Neonatal leave and pay


Ask your MP to make sure the Government keeps their promise to give parents extra leave and pay if their baby is born premature or sick.

Every year thousands of parents return to work when their baby is still critically ill.

Babies on the neonatal unit need their parents by their side to care for them while they are in hospital and when they are home. We want parents to be better supported to stay fully involved in the care of their baby.

In 2019, the Government committed to introducing Neonatal Leave and Pay – paid leave for parents while their baby is in neonatal care. But time is running out for them to introduce this before the next election.

We need the Government to keep their promise.

Take action by emailing your MP, using the information below, to ask them to ensure the Government keeps their promise to introduce Neonatal Leave and Pay.

Why are we campaigning on this issue?

Babies in neonatal care have better outcomes when their mums and dads are involved in providing hands-on care while they are in hospital. Yet every year thousands of parents have to return to work when their baby is still critically ill. Better support is needed to ensure babies have their parents by their side in hospital - where they need them.

Some babies will spend many weeks or months receiving care on the neonatal unit before they are well enough to go home. This means many parents use large amounts – or even all - of their leave entitlement before their baby goes home.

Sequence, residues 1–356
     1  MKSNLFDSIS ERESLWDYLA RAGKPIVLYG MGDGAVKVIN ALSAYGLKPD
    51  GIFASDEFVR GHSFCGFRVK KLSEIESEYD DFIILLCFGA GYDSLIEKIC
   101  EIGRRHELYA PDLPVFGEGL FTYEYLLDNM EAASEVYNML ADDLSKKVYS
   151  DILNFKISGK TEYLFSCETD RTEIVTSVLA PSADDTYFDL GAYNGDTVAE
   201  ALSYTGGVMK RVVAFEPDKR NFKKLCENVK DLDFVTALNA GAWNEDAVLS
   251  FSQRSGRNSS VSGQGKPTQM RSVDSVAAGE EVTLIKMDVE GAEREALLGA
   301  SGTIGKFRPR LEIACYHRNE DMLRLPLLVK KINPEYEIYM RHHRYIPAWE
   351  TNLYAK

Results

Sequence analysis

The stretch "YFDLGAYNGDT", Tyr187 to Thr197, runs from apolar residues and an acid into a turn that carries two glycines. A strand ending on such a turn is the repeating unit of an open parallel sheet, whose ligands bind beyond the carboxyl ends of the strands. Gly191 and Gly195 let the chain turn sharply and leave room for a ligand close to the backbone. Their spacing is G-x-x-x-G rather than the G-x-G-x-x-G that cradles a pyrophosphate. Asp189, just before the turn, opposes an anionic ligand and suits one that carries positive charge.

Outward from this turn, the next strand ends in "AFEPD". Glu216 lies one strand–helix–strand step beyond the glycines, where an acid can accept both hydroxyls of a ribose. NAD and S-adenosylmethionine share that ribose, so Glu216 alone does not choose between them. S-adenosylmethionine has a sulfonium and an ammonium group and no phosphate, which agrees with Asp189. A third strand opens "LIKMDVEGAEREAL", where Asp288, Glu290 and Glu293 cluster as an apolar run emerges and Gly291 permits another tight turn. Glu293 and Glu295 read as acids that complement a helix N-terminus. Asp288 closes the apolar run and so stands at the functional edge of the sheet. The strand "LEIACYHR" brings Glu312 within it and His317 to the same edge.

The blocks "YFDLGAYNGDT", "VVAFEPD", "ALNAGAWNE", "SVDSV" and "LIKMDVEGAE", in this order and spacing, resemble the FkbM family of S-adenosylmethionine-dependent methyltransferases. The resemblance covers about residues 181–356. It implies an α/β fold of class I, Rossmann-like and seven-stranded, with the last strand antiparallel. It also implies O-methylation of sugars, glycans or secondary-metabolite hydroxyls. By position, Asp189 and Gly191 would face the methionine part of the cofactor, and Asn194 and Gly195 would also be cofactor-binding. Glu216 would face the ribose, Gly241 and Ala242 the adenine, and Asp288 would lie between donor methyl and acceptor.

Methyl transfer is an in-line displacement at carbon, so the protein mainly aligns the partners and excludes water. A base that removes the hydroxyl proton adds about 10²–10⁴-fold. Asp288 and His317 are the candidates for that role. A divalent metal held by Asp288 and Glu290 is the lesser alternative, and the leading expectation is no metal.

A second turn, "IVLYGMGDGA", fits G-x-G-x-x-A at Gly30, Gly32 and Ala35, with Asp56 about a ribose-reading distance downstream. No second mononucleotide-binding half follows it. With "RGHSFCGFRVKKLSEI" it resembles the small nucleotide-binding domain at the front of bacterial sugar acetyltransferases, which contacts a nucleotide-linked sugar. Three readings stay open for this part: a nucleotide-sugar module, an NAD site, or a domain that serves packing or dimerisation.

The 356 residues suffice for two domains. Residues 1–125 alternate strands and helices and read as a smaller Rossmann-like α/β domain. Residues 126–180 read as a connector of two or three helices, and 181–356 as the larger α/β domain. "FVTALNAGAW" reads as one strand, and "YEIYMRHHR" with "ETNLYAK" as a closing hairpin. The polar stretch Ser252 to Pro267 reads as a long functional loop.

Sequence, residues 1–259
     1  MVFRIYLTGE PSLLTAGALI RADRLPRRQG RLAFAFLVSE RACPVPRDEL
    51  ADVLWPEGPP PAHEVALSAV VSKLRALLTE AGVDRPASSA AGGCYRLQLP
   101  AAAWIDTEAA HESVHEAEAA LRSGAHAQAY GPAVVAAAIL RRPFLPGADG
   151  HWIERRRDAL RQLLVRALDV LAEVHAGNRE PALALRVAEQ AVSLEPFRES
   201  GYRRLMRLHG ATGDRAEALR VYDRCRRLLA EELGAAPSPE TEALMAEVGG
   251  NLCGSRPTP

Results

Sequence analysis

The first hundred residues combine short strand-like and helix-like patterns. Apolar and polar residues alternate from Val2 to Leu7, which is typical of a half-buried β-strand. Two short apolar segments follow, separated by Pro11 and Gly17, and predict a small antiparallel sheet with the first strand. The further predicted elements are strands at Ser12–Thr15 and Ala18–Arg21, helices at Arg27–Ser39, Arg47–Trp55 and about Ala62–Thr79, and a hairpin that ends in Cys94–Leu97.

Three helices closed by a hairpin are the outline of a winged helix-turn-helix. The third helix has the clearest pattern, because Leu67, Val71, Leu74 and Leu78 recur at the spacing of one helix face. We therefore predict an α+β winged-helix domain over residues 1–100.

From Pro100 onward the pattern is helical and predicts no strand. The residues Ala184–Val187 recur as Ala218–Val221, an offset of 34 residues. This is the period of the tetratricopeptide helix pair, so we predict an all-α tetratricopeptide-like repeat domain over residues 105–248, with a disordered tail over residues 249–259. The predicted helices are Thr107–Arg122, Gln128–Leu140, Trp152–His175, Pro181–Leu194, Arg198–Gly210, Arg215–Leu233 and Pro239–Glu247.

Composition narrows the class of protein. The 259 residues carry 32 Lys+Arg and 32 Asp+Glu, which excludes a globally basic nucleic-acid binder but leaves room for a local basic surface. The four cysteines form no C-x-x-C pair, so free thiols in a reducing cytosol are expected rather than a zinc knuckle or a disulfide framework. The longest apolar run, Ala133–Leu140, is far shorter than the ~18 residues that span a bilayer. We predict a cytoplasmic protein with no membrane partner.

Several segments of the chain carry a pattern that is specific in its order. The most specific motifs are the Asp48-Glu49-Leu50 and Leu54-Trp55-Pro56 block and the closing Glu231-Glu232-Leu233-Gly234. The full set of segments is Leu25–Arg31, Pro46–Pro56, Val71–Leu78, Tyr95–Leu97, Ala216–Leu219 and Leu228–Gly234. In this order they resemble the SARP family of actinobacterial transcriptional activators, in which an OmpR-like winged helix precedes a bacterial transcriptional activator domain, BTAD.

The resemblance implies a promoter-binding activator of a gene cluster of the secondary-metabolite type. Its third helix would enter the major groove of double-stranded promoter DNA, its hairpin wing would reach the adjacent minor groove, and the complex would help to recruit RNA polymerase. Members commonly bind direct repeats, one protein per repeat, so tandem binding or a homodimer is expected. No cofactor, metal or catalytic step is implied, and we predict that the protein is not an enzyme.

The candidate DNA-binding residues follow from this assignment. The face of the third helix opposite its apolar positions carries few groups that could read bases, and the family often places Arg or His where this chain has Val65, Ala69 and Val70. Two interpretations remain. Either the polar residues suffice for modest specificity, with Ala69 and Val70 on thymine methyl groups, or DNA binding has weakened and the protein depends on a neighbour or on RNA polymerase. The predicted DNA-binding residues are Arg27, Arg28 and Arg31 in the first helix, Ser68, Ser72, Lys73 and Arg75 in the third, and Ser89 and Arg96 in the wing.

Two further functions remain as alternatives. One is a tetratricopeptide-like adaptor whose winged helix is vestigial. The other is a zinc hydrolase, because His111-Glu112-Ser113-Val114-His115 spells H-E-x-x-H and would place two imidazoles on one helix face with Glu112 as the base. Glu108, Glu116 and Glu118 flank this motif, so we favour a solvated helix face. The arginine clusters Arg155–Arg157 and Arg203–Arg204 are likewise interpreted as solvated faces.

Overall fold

The neonatal environment is stressful, and parents need time to bond and adjust to time at home. Some babies will also have significant ongoing needs and may not be ready to be left in childcare by the time parents have to start work again.

A Bliss survey of over 700 parents found:

  • 66 per cent of dads and partners had to return to work while their baby was still receiving specialist neonatal care
  • 36 per cent of dads resorted to being signed off sick in order to spend time with their baby on the neonatal unit
  • 24 per cent of dads said they were concerned for their job if they asked for more time off
  • 77 per cent of parents felt like their parental leave was not long enough, with this figure rising to 90 per cent of parents whose baby spent 10 or more weeks in neonatal care, and 95 per cent of dads
  • Half of all parents would have liked to take more parental leave but couldn’t afford to take any longer off work
  • 11 per cent of parents left their jobs due to having insufficient leave after their baby was admitted to neonatal care.